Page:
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Publication numberUS3969697 A
Publication typeGrant
Application numberUS 05/537,392
Publication dateJul 13, 1976
Filing dateDec 30, 1974
Priority dateDec 30, 1974
Publication number05537392, 537392, US 3969697 A, US 3969697A, US-A-3969697, US3969697 A, US3969697A
InventorsHitoo Iwasa, Gota Kano
Original AssigneeMatsushita Electric Industrial Co., Ltd.
Export CitationBiBTeX, EndNote, RefMan
External Links: USPTO, USPTO Assignment, Espacenet
Voltage drop warning apparatus with negative-resistance device
US 3969697 A
Abstract
A series connection comprising a transistor (4) and a light-emitting diode (3) is connected across a D.C. power source (+Vcc), and one end of a negative-resistance device (1) is connected to the base of said transistor (4) and the other end thereof is connected to an end of said light-emitting diode (3), which last-mentioned one end is connected to the D.C. power source (+Vcc). The circuit constituted as above memorizes an occurence of voltage drop which enables bistable switching in the negative-resistance device, thereby energizing the light emitting diode to light. The circuit can be used to indicate voltage lowering or interruption of an A.C. power supply, or weakening of a battery.
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Claims(4)
What is claimed is:
1. A voltage-drop warning apparatus comprising:
a series connection including a load, an indication means and a semiconductor switching element, both ends of the series connection being connected across positive and negative ends of a power source, and
a negative-resistance device comprising a complementary connection of an n-channel field-effect transistor and a p-channel field-effect transistor, one end of the negative-resistance device being connected to a junction point between said load and the switching element, and the other end of said device being connected to a control-signal input-terminal of the switching element.
2. A voltage-drop warning apparatus according to claim 1, further comprising a resetting means, which for a specified period, applies a voltage across said negative-resistance device that turns said negative-resistance device OFF.
3. A voltage-drop warning apparatus according to claim 1, further comprising a second semiconductor switching element connected by its input-terminal to an output terminal of said first switching element, and a second indication means connected in series with said second switching element.
4. A voltage-drop warning apparatus according to claim 2, further comprising a second semiconductor switching element connected by its input-terminal to an output terminal of said first switching element, and a second indication means connected in series with said second switching element.
Description
BACKGROUND OF THE INVENTION

This invention relates to a voltage drop warning apparatus with negative-resistance device which warns that a voltage drop has occurred or is occurring. More particularly, this invention concerns a voltage drop indicator which is capable of indicating that a voltage drop has once occurred or is now occurring, through an indication by a light-emitting diode, etc.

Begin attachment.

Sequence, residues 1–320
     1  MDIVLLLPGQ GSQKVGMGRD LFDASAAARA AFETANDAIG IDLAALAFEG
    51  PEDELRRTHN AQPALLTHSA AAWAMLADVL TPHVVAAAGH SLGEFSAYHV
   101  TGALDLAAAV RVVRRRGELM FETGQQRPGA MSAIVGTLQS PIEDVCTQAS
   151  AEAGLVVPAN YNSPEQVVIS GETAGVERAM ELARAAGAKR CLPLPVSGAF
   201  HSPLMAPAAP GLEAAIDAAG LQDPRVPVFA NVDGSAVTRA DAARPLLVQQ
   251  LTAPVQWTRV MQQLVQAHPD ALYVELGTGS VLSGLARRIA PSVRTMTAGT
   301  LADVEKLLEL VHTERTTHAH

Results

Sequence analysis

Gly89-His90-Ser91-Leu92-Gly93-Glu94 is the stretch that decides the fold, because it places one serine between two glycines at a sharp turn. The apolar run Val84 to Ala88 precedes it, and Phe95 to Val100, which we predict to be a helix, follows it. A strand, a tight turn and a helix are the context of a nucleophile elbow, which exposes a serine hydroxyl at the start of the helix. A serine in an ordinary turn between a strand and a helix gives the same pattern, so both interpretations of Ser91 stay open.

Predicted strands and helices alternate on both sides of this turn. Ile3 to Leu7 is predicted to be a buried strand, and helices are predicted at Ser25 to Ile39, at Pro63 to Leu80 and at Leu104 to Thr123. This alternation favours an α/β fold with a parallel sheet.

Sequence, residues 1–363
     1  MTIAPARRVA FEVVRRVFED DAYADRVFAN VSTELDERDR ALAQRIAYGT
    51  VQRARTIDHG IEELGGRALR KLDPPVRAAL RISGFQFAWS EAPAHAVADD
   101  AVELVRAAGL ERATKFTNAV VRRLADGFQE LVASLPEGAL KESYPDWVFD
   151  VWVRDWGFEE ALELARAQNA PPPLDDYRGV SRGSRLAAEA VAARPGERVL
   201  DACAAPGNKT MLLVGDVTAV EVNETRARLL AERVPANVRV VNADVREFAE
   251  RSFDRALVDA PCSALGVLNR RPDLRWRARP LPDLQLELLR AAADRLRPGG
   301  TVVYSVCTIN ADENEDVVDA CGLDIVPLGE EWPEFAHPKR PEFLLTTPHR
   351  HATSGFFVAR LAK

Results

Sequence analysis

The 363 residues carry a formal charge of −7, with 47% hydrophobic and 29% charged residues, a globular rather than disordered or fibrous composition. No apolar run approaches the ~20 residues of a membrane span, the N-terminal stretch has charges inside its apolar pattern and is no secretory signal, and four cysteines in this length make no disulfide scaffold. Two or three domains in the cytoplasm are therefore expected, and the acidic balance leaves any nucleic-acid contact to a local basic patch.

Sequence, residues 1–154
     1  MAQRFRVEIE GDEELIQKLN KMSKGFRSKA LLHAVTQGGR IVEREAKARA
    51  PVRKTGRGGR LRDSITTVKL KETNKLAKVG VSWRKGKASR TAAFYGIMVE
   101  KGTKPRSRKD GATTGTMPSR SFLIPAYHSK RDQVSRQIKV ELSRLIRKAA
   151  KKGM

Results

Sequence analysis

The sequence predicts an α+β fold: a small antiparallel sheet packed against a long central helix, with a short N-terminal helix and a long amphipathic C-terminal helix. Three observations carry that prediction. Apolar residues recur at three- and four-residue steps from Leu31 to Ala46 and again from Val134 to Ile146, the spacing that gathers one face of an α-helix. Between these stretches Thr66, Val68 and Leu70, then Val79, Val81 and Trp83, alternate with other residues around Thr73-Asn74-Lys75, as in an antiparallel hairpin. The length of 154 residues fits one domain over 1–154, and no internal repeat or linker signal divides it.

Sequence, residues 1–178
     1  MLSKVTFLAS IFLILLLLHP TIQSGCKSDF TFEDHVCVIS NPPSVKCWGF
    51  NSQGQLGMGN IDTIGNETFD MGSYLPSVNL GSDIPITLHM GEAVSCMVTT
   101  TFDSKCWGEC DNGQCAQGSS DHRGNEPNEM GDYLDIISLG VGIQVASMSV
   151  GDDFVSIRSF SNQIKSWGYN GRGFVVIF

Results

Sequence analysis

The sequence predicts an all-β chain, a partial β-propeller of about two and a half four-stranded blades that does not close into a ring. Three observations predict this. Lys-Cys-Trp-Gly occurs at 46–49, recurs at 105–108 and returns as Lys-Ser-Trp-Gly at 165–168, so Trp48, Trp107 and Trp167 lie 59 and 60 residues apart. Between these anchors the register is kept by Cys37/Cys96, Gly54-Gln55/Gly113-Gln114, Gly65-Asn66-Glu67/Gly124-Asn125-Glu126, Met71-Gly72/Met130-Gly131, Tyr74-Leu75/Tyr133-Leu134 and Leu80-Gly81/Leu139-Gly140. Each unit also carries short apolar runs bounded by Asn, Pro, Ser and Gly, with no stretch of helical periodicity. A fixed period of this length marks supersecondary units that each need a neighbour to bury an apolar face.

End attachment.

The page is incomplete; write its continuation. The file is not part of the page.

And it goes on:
In electronic digital clocks or electric clocks operating with an A.C. electric power source supply, by means of synchronization with the frequency of the A.C. power source the time measurement is very accurate. However, in such electronic or electric clocks operating with the A.C. power source, once the power supply is interrupted or disturbed, the time lags behind forever even after restoration from the interruption or disturbance, and moreover, the user usually does not become aware of the time lag.

In electronic digital clocks or electric clocks operating with a D.C. power source as, for instance, a dry cell, when the power source becomes weak and lowers its output power below a specified threshold level, the time becomes inaccurate. In order to check such weakening of the power source, any known voltage indication devices such as a light-emitting diode, miniature incandescent lamp or ammeter can be used, but power consumption of such a device should be made very low. One proposed device comprises a push-button switch which is closed by pressing for the voltage checking, but such device has a drawback that the indication of lowering voltage is obtainable only when the button is pressed.

SUMMARY OF THE INVENTION

This invention is intended to provide a voltage drop warning apparatus with negative-resistance device which warns of a voltage drop or interruption of a power source.

This invention is applicable for indicating an occurrence of voltage interruption in an A.C. power source after a preset time.

This invention is applicable for indicating an occurrence of voltage lowering in a D.C. power source after a preset time.

This invention is applicable for warning of an occurrence of time lag in an analogue or digital clock or an occurrence of errors in data from a data processing apparatus, so as to avoid inadvertent use of such time lag or erroneous data.

This invention has an advantage that its constitution is very simple dispensing with mechanical devices such as a relay or ammeter, and consumes very small power even for continuous indication.

BRIEF DESCRIPTION OF THE DRAWING

FIG. 1 is a circuit diagram of a negative-resistance device used in the apparatus of the present invention,